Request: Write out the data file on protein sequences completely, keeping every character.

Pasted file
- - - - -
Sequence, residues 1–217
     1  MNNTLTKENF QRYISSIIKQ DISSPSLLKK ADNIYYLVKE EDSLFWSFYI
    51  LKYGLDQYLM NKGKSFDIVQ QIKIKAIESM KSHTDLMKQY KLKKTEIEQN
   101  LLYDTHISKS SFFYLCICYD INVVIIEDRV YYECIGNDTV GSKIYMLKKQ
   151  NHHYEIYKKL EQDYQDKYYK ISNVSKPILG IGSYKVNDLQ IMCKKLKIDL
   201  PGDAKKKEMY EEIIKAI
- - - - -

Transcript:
Sequence, residues 1–217
     1  MNNTLTKENF QRYISSIIKQ DISSPSLLKK ADNIYYLVKE EDSLFWSFYI
    51  LKYGLDQYLM NKGKSFDIVQ QIKIKAIESM KSHTDLMKQY KLKKTEIEQN
   101  LLYDTHISKS SFFYLCICYD INVVIIEDRV YYECIGNDTV GSKIYMLKKQ
   151  NHHYEIYKKL EQDYQDKYYK ISNVSKPILG IGSYKVNDLQ IMCKKLKIDL
   201  PGDAKKKEMY EEIIKAI